Several years ago, I read one or two articles by Allen Frances and suggested that he might be a constructive force for reforming the cruel, corrupt and inhuman field of "mental health". Little did I know at the time I wrote that blog article that he would soon be considered a leading critic of American-style, "label-'em-&-drug-'em" psychiatry.
Dr. Frances recently published a curious little book: Essentials of Psychiatric Diagnosis: Responding to the Challenge of DSM-5 (NY: The Guilford Press, 2013). I just got a copy from Amazon of the revised edition (published only four months after the original -- no idea why such a quick revision was necessary & I am curious about that).
On one hand, the book is replete with cautionary statements about various DSM-5 "diagnoses", and Frances does consistently suggest that labeling people with psychiatric disorders is a dicey business.
But on the other hand this is a clear, opportunistic attempt by the erstwhile most-powerful-psychiatrist-in-America to maintain some vestige of his remunerative franchise as a famous diagnostician despite replacement of his very own DSM-IV last May.
I initially found it disappointing and ironic that Dr. Frances is now making money by ostentatiously piggy-backing on the sale of the APA's new DSM-5. His book even looks exactly like the DSM (albeit smaller), with the same typefaces and formatting. With the exception of a 16-page introductory chapter, it follows the DSM outline chapter-by-chapter and diagnostic-code-by-diagnostic-code. It is, effectively, a DSM-5 supplement. Minor omissions of individual diagnoses and an altered sequence of disorders are insignificant changes. If I were the APA, I might consider some sort of intellectual property claim...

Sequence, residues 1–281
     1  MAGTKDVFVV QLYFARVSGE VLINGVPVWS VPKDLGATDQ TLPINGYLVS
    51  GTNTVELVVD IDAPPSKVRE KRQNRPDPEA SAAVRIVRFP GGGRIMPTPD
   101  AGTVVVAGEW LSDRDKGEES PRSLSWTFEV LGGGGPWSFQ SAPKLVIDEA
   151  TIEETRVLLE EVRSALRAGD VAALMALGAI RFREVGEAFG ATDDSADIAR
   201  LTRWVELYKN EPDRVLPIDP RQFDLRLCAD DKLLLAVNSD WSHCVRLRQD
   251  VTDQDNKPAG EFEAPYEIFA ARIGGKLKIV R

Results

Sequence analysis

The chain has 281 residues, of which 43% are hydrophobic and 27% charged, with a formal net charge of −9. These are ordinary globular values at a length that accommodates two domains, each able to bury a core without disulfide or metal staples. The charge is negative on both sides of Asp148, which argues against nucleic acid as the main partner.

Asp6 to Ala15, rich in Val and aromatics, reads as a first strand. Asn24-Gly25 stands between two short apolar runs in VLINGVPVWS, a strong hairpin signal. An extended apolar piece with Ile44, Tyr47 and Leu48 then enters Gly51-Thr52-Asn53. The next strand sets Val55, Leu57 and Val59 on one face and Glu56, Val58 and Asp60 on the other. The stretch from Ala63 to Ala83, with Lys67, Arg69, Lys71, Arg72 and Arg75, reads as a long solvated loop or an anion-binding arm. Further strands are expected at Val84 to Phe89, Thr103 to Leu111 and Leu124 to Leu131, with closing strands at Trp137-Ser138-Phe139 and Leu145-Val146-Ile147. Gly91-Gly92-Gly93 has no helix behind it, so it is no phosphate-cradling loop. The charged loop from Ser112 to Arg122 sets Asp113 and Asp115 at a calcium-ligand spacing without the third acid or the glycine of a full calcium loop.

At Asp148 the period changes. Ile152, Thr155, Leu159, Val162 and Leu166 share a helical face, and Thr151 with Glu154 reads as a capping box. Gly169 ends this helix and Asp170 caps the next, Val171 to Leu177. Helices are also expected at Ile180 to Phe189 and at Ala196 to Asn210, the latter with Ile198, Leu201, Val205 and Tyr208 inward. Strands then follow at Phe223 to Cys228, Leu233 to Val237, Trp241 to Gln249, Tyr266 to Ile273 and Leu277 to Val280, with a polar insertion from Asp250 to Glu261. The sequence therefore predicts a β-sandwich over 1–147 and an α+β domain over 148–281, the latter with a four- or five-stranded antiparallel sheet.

Under a very thin guise of criticism, it sure seems that Allen Frances is actually supporting the psych status quo. He just wants to continue making money from it like he used to when DSM-IV was king of the hill. Frances has never repudiated the central idea, that unwanted human emotion and bad behavior must be essentially brain disease, treatable according to the medical model. He merely hopes psychs will be more conservative in asserting their philosophy and a bit more careful about damaging people, so the profession can avoid calamitous bad PR.
But there is another interpretation and a more optimistic view. We probably don't need dramatic, road-to-Damascus conversions, or even Judge Sewell apologies, to end specific psychiatric evils in the world and bring a new, freer day of human dignity. Little by little, the culture is changing. It might get much better pretty soon, and in future decades history might credit Allen Frances for some sort of personal mea culpa leading to positive changes, even if he himself never intended any such thing.
The real changes will never come from correcting such middling problems as Frances sees with DSM-5. They will come from total elimination of the one thing which Frances never addresses directly, although his arguments all hint around about it and point toward it: legal coercion of "treatment".
In fact, psychiatric "diagnosis" is not done for any purpose of finding useful treatment, it's done to justify "treatment" which is useful mainly to people other than the patient. The patient arrives, directly or indirectly, because the police bring him in.
And for the moment at least, Dr. Frances is still in the business.